Anti-government protestors block Security Council building
Minor clashes were reported as demonstrations against Armenia’s prime minister continue in Yerevan
A large crowd of demonstrators calling for the resignation of Armenian Prime Minister Nikol Pashinyan has surrounded the Security Council building in the capital city of Yerevan on Wednesday morning.
Armenia has been gripped by protests for a month now as the opposition blames Pashinyan for trying to hand the disputed region of Nagorno-Karabakh over to Azerbaijan.
Minor scuffles broke out as the crowd marched through the downtown towards the Security Council’s headquarters, news agency RIA-Novosti reported.
The protesters then surrounded the government building, using the same strategy as during the siege of the Foreign Ministry on Tuesday, when the crowd made sure that the opposition MPs could make their way into the ministry to discuss the situation around Nagorno-Karabakh with two deputy foreign ministers.
But this time the police told the demonstrators that the Security Council building was empty, and soon thereafter the protest leaders told their supporters to leave the premises.
The aim of the failed action was to pass the opposition’s demands about Nagorno-Karabakh to the members of the Security Council, said MP Aram Vardevanyan from the Armenia Alliance political coalition.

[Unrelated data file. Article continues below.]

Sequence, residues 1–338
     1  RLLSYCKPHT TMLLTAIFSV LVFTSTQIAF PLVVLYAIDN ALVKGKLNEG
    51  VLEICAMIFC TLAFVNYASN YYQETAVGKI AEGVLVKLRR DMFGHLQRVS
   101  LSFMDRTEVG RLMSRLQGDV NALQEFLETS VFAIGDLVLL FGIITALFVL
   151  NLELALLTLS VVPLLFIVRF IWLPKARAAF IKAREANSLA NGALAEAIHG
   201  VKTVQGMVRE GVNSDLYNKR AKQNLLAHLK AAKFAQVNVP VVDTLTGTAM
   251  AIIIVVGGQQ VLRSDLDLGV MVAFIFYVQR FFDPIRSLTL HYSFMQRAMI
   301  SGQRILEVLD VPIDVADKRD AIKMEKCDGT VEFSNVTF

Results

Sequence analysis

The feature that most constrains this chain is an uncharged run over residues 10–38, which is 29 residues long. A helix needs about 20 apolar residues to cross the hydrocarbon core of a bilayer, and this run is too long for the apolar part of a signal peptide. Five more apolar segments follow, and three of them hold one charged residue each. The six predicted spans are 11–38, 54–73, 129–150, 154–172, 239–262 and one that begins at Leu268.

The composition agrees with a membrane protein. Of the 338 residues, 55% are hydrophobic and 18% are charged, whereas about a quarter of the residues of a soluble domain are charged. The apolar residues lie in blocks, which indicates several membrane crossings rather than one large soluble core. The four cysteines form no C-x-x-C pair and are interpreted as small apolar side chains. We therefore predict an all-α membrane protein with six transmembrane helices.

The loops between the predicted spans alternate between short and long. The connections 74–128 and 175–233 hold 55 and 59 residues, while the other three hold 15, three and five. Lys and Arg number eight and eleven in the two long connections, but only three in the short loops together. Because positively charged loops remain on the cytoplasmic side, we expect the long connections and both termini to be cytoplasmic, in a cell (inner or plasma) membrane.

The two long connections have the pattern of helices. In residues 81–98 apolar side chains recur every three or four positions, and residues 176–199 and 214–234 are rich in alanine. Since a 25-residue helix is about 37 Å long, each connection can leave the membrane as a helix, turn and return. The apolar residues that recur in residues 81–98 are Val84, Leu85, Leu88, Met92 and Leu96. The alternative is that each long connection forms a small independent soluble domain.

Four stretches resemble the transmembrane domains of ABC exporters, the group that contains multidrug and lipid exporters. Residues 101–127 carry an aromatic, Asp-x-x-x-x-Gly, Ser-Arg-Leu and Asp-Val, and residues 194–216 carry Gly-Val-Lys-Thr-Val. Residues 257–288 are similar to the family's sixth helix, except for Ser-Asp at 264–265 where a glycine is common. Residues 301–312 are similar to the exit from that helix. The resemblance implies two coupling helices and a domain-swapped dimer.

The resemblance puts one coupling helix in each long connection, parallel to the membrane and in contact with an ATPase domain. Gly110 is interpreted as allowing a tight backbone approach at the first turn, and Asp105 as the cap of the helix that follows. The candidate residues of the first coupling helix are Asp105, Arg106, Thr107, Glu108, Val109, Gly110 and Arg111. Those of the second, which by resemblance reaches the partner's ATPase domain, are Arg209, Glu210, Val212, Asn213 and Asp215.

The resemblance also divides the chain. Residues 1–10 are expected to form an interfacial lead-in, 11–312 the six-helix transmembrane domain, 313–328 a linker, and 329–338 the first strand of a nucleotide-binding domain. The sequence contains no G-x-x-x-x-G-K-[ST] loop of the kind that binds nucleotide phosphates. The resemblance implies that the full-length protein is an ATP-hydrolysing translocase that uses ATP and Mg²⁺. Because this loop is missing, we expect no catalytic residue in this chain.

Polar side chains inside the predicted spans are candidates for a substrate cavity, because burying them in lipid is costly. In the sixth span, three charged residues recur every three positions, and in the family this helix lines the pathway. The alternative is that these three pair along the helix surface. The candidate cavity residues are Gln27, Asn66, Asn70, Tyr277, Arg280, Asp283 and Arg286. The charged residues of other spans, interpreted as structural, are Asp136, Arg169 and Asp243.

“Nagorno-Karabakh can’t be part of Azerbaijan and the authorities shouldn’t take steps that contradict Armenia’s interests,” the opposition MP insisted.
The latest wave of protests began on April 25 after Pashinyan said that the international community wanted Yerevan to “lower the bar” regarding its claims to Nagorno-Karabakh.
Last week, the Armenian PM met Azerbaijan’s President Ilham Aliyev in Brussels, with the two agreeing to “advance discussions” on settling their differences on Nagorno-Karabakh.
The neighbors fought a 44-day war over the disputed region in 2020, with Azerbaijan capturing some parts of Nagorno-Karabakh, which had been controlled by Armenians since the early 1990s. Mediation by Moscow led to a ceasefire, with Russian peacekeepers deployed to the area.